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Free breathing app: resonance breathing

22 Jan 2021
by Aimée Kuntz

Simple & effective 

Are you interested in pranayama or breathing exercises, but not sure how to start? Or do you know how to practice them, but is practicing them regularly challenging for you? Perhaps “The Breathing App” will help you (free download for Android & iOS).

A calm breath provides mental calm, balance and inner peace. And it also has a positive effect on your general health and immune system. In this blog I will tell you more about the simple & effective resonance breathing. And the free app that helps you practice this breathing technique. Even if it is just for a few minutes somewhere in your day or just before going to sleep. Those few minutes already have a clear positive effect.


Focus on the quality of the breath

Do you practice pranayama or breathing exercises besides yoga postures? Personally, I have to admit that it took quite a while before I actually started practicing pranayama on a daily basis (in addition to the few breathing exercises that were already included in yoga classes).

Why didn't I prioritize it? I guess I didn't really realize how much that pranayama actually had to offer me. Those seemingly simple breathing techniques…. it was as if I was waiting for someone to teach me a bit more complicated stuff.

This changed with the help of my teacher Andrei Ram. He let me focus on the quality of my breathing rather than the quantity. By experiencing the benefits of this approach, I was hooked to pranayama (and prana nidra). Since that moment it feels so natural to practice them daily and it triggered my curiosity for the simple pranayama and breathing exercises as well.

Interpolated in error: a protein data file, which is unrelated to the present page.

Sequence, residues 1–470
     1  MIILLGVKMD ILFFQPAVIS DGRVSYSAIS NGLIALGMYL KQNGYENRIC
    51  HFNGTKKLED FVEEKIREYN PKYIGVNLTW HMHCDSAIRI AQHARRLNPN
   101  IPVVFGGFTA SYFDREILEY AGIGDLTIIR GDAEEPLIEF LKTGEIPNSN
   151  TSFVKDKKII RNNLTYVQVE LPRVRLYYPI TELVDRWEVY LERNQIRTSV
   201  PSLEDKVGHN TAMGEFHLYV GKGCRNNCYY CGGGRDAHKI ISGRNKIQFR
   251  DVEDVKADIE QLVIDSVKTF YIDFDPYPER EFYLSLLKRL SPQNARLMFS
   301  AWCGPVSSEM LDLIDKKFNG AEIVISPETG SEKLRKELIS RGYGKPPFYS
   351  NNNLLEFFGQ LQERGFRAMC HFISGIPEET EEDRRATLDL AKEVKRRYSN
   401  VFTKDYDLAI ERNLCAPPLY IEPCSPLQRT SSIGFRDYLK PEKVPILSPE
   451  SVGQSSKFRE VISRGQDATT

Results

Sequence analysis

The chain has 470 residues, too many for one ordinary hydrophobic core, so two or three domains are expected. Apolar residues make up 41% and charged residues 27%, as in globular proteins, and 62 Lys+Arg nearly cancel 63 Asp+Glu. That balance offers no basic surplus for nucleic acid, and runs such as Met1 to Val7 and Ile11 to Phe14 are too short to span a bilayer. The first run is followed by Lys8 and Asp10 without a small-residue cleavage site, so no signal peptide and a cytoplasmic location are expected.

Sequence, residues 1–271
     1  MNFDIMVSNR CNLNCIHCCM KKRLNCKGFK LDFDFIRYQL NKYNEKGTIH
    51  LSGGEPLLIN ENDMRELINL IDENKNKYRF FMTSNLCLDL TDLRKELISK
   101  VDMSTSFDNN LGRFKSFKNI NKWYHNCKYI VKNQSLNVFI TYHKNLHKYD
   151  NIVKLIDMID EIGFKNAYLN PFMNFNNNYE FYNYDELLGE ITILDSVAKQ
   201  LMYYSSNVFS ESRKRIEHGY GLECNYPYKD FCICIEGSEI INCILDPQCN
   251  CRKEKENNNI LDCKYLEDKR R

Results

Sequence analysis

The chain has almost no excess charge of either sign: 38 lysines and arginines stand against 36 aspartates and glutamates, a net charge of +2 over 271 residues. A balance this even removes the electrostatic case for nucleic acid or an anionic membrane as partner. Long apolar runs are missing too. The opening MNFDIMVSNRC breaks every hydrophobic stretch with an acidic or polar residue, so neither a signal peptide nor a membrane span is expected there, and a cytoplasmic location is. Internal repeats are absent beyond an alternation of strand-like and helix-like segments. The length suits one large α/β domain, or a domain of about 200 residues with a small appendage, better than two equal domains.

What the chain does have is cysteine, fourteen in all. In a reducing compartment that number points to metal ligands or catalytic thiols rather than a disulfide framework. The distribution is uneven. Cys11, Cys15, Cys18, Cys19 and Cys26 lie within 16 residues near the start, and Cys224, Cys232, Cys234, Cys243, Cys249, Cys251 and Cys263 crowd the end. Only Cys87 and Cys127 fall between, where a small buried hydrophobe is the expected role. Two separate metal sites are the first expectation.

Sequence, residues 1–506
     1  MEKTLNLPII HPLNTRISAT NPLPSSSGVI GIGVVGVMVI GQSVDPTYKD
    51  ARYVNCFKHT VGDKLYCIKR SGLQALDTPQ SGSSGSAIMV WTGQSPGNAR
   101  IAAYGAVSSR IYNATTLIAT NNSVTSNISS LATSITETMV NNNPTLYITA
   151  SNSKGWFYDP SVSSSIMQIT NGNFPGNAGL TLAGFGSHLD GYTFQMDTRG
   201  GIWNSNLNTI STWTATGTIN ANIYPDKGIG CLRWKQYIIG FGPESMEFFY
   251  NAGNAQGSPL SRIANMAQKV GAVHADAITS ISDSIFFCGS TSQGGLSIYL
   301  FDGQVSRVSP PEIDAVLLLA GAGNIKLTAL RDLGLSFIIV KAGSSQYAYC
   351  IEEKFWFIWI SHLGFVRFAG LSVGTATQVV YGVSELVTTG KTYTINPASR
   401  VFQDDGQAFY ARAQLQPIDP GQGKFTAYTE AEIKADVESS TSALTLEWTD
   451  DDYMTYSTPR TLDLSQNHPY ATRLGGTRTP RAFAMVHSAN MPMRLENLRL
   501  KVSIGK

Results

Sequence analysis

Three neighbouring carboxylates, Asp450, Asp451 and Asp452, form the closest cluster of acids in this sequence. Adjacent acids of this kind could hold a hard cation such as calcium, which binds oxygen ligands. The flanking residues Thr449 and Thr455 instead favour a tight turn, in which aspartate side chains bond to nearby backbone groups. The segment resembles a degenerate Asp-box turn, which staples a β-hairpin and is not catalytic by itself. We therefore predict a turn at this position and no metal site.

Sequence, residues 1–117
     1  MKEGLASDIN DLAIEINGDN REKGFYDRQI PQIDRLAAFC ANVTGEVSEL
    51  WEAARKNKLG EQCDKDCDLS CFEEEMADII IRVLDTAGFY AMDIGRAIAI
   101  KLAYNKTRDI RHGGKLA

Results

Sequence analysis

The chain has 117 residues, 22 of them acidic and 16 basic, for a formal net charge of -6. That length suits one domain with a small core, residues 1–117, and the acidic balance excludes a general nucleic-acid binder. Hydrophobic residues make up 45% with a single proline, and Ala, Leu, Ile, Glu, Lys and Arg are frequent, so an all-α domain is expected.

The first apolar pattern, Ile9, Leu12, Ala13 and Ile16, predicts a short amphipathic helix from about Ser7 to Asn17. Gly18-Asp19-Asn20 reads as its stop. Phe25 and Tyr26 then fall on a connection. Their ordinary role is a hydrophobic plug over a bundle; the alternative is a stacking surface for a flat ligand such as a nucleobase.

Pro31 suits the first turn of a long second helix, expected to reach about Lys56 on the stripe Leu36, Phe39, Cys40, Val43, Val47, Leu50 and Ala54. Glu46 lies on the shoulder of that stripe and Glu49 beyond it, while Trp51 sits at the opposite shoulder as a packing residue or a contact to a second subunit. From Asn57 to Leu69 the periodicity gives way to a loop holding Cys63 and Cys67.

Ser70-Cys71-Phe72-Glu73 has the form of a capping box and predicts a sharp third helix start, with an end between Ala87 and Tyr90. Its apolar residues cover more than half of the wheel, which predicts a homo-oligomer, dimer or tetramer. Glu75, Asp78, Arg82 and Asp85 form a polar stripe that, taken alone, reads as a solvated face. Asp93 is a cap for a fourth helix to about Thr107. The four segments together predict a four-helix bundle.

Bringing your attention to the quality might sound so logical from the lense of yoga. But how tempting is it to focus on for example lengthening the pause between the inhalation and exhalation so much that you force it, instead of focusing on the effect on your life energy? A challenge for many yogis when they start to practice pranayama...

The effect? That practicing pranayama has such an enormous effect on my energy level, mood and clarity that I prioritize my pranayama practice nowadays.


Simple can also be very effective

Also, an exercise doesn’t have to be difficult to be effective. One of the advantages for “simple” breathing exercises is that it might allow you to turn inward more. To observe what you feel in your body (physically, emotionally and energetically), your intention or maybe even your connection with "the divine". 

In this blog post I will tell you more about resonance breathing. A simple technique where you equalize the length of your inhalation and exhalation and can be practiced by everyone. Various studies have shown that resonance breathing has many positive effects on our health. Both physically and mentally.


Benefits resonance breathing

Many scientific studies (source) have shown that practicing resonance breathing shows a wide range of benefits, including:

  • Increases pulmonary function
  • Lowers blood pressure
  • Has positive applications for anxiety and depression
  • Improves baroreflex gain: homeostatic ability of the body to keep blood pressure at an almost constant level (instead of creating large fluctuations)
  • Improves heart rate variability, whereby your heart rate recovers quickly after rising
  • Tones the vagus nerve: the longest nerve in our body and has a major effect on our health and well-being
  • Increases resiliency 
  • Increases the ability to handle stress
  • Leads towards emotional balance
  • Clinical improvements in asthma